Best Wi-Fi 6 Routers of 2024

With new Wi-Fi 7 routers hitting the market, now's the time to snag a great deal on a still-great Wi-Fi 6 model.

Article updated on June 13, 2024 at 9:43 AM PDT

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Ry Crist
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Ry Crist Senior Editor / Reviews - Labs
Originally hailing from Troy, Ohio, Ry Crist is a writer, a text-based adventure connoisseur, a lover of terrible movies and an enthusiastic yet mediocre cook. A CNET editor since 2013, Ry's beats include smart home tech, lighting, appliances, broadband and home networking.
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$75 at B&H Photo-Video
TP-Link Archer AX21 wi-fi router on a green background.
TP-Link Archer AX21
Best value
$200 at Walmart
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TP-Link Deco W7200
Best mesh system
$349 at Walmart
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Asus RT-AX86U
Best gaming router
$89 at Amazon
A Netgear r6700ax Wi Fi 6 router on a wooden surface
Netgear R6700AX
Best budget router for gigabit networks
$410 at Walmart
Two Netgear Orbi AX6000 Wi-Fi 6 mesh routers
Netgear Orbi AX6000
Best high-end mesh system
$300 at Amazon
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Eero 6 Plus
Best for large homes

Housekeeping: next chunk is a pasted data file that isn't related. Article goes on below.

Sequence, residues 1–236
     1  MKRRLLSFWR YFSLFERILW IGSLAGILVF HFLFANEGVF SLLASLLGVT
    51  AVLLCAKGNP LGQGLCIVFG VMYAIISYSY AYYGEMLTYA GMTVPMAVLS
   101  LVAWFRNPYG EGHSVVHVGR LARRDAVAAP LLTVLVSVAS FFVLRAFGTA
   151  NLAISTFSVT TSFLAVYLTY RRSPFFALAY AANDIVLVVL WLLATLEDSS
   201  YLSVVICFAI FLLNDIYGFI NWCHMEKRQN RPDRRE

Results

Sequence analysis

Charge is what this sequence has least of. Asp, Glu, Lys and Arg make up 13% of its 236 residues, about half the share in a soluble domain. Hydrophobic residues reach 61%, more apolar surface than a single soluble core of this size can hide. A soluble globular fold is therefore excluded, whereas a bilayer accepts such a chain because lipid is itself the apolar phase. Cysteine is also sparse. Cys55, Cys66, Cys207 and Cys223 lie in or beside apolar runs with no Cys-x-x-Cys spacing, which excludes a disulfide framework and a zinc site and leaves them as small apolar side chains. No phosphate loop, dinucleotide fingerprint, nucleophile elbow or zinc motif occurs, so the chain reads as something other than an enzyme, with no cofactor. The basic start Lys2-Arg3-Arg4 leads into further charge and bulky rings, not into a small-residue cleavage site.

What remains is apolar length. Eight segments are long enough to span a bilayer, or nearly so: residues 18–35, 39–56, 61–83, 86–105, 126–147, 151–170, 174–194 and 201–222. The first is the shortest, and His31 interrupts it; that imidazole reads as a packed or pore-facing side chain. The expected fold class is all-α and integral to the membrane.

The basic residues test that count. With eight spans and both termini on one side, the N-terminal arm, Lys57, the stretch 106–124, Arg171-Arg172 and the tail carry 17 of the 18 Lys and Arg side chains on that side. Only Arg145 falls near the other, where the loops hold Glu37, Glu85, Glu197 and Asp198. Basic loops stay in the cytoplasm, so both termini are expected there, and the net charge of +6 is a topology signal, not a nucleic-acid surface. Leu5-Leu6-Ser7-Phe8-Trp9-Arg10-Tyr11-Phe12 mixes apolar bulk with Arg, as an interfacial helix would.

$220 at Amazon
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Asus ZenWifi XD6
Best dual-band mesh system

It wasn’t too long ago that Wi-Fi 6 was the hottest new wireless standard on the market. While it’s been dethroned by Wi-Fi 7, Wi-Fi 6 routers are still the best options for most people. Most new devices aren't compatible with Wi-Fi 7, so buying a Wi-Fi 7 router now would largely be a bet on the future. Wi-Fi 6, on the other hand, is compatible with almost every newer device, like the Apple TV 4K and the PlayStation 5 console.

Wi-Fi 6 devices like those are backward compatible with older routers, but if you want to unlock their full potential for faster, better Wi-Fi performance, you'll need a Wi-Fi 6 router running your home network. That was an expensive proposition back when Wi-Fi 6 first arrived, but not anymore. Now, shopping around, you'll find a good number of Wi-Fi 6 options available for less than $100, as well as mesh systems, gaming routers, range extenders and more. 

Some do the job better than others, and that's where we come in, with comprehensive, hands-on tests to help identify the best upgrade picks for the money. Expect regular updates to this post as we continue to put Wi-Fi 6 to the test in 2024. Whenever we find a new router that merits consideration, we'll add it to the list.

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Best Wi-Fi 6 routers of 2024

Ry Crist/CNET
TP-Link Archer AX21
Best value

When a router supports Wi-Fi 6, that means that it's capable of using features like OFDMA and 1024-QAM to deliver faster speeds and lower latency to busy networks with lots of connected devices. That's true even with the budget-priced value picks -- and among those, the one that performs the best is the TP-Link Archer AX21.

The Archer AX21 did an outstanding job in my at-home speed tests. At the end of multiple days of tests across five spots in my house, the Archer AX21's average download speed on a 300Mbps fiber network was a near-perfect 299Mbps. That includes triple-digit download speeds in the very back of my house, a common dead zone where a lot of the routers I test struggle to stay connected at all. I retested the AX21 after upgrading my home network to gigabit speeds -- it isn't powerful enough to top out a connection like that, but it still delivered fast, consistent speeds, with my downloads averaging in at 441Mbps.